How do you stop drinking? Where can you go? What’s the difference between AA and treatment? Which path is right for you?

AA, Treatment, or Cold Turkey

Alcoholics Anonymous began in 1935.  At the time, “treatment” for alcoholism didn’t exist; alcoholism was not considered a disease, and alcoholics were moral or psychological ‘failures.’  “The Cure” consisted of drying out spells, often aided by chemicals such as belladonna (now considered poison).  Alcoholics who had the money spent time in sanatoriums, those who didn’t spent time in jail or public hospitals.

People whose “cure” didn’t seem to take were diagnosed as hopeless cases and occasionally institutionalized.

Of course, some people managed to get sober for good.  The most commonly cited reason was a spiritual awakening.  Bill’s grandfather ‘saw God’ on top of a mountain in Vermont, swore to never drink again, and never did.

The disease model of addiction followed Alcoholic’s Anonymous’ tremendous success.  The medical field came to recognize that alcoholics respond to alcohol – any amount of alcohol – differently than normal drinkers.  Behind medicine came social theories, criminal justice, and the clergy; “treatment” centers didn’t really come into their own until the late 1970s.

Some find AA too religious, too demanding, or too invasive.  With treatment centers, a variety of counseling options, even changing religious choices, there are alternatives.  How to decide?

Outside AA


In and out-patient treatment centers are available anywhere, to anyone, on any pay scale.  They originally followed AA’s “12 step” model quite rigorously, discharging patients after they had completed a 5th step.  Early on, a patient would stay in the program however long that might take.  These days, the crunch on health insurance means stays are usually limited to 21 days.

Treatment offers the immediate benefit of medical attention.  Even people who don’t think they need detox will go through stages of detoxification as their body (and brain) begins to work without alcohol in it.

Treatment – especially inpatient treatment – offers an immediate change and respite to the alcoholic and his family; for a few weeks, the alcoholic is allowed to take a step back from other responsibilities, focus on the alcohol problem, and make significant progress before having to return to ‘real life’.  Many find this time away crucial: the problem is big enough, serious enough, that they can’t seem to stop by attending a meeting or two a week, or an afternoon counseling session. Most alcoholics and alcohol affected families are deep in denial of the problem – it isn’t until they give it the attention and importance of a medical emergency, intense counseling, and weeks spent with other alcoholics and addicts that the severity of their disease hits home.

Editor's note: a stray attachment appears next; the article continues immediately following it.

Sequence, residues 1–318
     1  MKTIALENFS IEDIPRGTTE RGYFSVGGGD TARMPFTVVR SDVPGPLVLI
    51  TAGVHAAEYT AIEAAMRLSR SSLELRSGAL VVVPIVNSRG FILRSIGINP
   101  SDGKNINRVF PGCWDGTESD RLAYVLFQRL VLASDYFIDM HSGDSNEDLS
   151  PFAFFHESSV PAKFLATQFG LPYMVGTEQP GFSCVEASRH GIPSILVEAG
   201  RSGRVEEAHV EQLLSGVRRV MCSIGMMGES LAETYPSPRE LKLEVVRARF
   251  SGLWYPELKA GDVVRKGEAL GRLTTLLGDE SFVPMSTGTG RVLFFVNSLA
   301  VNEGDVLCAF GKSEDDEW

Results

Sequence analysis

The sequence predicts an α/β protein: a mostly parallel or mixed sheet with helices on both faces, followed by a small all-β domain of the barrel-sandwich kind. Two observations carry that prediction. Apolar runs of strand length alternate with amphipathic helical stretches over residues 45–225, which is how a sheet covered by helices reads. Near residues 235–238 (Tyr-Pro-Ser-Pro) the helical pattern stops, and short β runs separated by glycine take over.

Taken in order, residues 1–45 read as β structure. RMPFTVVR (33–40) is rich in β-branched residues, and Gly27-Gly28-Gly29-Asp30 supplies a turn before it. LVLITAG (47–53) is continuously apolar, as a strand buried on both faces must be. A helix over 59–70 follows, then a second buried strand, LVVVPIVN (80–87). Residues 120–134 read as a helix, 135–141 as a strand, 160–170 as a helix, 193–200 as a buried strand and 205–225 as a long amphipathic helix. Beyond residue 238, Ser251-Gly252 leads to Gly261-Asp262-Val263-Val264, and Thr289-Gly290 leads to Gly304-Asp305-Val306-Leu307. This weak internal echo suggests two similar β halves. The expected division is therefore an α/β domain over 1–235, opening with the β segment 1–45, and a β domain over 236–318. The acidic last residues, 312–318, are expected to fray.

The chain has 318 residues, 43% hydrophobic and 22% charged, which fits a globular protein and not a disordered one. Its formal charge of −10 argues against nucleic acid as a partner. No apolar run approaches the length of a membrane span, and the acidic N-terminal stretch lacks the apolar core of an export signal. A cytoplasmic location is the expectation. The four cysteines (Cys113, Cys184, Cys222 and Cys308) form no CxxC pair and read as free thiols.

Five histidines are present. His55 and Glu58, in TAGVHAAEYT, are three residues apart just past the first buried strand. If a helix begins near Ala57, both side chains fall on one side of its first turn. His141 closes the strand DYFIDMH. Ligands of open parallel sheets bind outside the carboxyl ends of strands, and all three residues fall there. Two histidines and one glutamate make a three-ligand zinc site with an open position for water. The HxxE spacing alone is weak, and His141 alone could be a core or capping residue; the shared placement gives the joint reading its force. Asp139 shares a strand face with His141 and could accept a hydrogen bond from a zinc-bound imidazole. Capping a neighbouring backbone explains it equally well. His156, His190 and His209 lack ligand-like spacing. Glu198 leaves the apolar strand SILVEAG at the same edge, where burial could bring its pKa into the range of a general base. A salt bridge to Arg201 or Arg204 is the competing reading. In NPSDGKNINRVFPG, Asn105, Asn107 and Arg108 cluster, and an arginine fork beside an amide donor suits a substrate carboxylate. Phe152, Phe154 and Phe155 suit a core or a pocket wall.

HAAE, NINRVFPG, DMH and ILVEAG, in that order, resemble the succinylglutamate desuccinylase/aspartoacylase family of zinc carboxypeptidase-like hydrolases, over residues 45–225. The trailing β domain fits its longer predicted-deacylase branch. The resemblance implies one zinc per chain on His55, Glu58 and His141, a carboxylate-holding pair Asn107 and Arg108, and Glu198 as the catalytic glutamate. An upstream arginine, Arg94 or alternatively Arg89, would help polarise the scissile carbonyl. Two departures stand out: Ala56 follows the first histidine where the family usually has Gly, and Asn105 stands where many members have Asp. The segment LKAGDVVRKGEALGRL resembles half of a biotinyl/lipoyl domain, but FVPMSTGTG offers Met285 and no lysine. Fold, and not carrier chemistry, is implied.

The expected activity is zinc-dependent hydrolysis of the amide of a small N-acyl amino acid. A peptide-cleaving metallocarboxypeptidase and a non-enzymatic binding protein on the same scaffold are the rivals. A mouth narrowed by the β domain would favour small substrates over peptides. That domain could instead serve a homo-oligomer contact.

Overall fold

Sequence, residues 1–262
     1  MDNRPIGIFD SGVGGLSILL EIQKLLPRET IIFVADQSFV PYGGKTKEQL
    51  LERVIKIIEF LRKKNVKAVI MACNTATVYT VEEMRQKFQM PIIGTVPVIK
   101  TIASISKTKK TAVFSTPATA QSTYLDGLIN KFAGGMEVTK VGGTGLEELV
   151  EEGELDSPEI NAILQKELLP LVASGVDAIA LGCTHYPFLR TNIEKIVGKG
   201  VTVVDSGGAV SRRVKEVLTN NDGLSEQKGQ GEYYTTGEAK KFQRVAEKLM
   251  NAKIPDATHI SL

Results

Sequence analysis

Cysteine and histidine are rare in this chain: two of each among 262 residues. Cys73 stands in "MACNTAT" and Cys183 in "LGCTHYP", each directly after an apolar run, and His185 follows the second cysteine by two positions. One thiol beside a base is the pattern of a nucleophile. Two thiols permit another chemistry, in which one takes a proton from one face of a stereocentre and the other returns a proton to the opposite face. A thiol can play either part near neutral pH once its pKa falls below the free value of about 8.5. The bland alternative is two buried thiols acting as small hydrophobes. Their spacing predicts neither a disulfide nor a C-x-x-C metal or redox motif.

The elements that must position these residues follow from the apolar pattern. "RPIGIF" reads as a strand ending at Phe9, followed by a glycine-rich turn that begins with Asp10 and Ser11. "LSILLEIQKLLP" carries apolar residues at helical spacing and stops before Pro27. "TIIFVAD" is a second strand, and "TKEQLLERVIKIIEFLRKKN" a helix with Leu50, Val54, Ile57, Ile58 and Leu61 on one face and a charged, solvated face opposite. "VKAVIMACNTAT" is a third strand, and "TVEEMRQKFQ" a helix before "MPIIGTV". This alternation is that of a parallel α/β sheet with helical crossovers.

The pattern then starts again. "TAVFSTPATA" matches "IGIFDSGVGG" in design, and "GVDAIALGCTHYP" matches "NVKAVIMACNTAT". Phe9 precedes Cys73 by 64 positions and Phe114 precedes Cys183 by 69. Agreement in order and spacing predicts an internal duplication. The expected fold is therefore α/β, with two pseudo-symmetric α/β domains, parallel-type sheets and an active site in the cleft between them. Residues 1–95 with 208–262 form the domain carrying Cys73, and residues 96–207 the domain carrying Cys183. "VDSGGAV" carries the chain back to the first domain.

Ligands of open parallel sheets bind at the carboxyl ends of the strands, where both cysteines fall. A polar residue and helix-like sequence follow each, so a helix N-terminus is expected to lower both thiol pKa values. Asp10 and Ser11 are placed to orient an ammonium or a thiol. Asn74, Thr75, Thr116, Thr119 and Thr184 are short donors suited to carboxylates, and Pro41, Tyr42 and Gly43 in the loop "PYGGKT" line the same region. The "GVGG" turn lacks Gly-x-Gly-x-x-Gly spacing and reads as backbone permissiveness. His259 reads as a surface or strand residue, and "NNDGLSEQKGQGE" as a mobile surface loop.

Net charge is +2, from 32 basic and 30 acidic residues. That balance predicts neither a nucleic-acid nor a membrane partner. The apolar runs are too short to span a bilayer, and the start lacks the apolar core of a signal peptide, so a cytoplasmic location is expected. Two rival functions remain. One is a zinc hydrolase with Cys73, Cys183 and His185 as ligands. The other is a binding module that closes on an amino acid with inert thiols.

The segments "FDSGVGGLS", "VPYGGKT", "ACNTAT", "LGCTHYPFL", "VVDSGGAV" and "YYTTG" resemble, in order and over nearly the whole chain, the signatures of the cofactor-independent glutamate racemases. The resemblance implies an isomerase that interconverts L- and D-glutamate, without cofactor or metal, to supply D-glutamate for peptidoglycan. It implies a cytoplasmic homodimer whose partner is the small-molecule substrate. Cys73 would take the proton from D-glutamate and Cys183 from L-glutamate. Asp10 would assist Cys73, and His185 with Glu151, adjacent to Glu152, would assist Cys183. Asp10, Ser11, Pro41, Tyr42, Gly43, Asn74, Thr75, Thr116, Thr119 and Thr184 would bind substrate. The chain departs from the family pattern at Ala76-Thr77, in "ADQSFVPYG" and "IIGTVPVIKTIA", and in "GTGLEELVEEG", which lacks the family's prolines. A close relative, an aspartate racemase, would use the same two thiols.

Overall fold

In treatment the alcoholic and his family are given enormous amounts of information about alcoholism and its medical and psychological effects.  This is information widely available elsewhere, and shared in 12 step circles, but the ‘crash course’ might help break through denial or bring a sudden awakening to alcoholics who aren’t sure.


Most alcoholics look for help with other problems before they try sobriety.  Alcoholism causes marital problems, stress, job problems, mood disorders, and otherwise chaotic lives.  Usually, it’s this chaos that people struggle with; the alcohol doesn’t seem to be the problem.  After all, trouble doesn’t happen every time you drink.

People may also feel more comfortable talking about their issues in the privacy of a counselor’s office, or feel comfortable with their therapist (minister, social worker) in a way they don’t with a room full of strangers.


Like Bill W.’s grandfather, some people find faith their best shot at getting sober.  Religion offers grace and redemption, communion with others, and powerful emotional grounding.

Faith manages to weather all challenges and ends up, for millions of people, being the most solid bedrock there is.

Religion also offers strong spiritual guidance – a direction to g0 – both within the community and within the precepts of the faith.


Active alcoholics usually don’t have an immediate connection to any one of the above choices.  Treatment may seem too severe or too expensive.  Religion, counseling, and AA can be dismissed, intellectually, as being a trade off of one addiction for another, or brain washing, simply a waste of time.  Why, if alcohol is the problem, spend so much time focusing on it?

We are strong people.  Since most alcoholics don’t fit the stereotype of the bum in the gutter, there is reason to think we can make the necessary changes ourselves. 

We also have examples all around us of people who drank excessively at some point, and seem to have ‘grown out of it’.

Finding your way

In truth, most alcoholics stick their toes in every one of the above options in their path to sobriety.  To try to choose the ‘right’ one may be a way of procrastinating, avoidance, or denial.

Here are the numbers.  90% of alcoholics will die actively drinking.  That is a terrifying number; it means that even those addicts and alcoholics who manage to get some sobriety are likely to ‘go back out there’.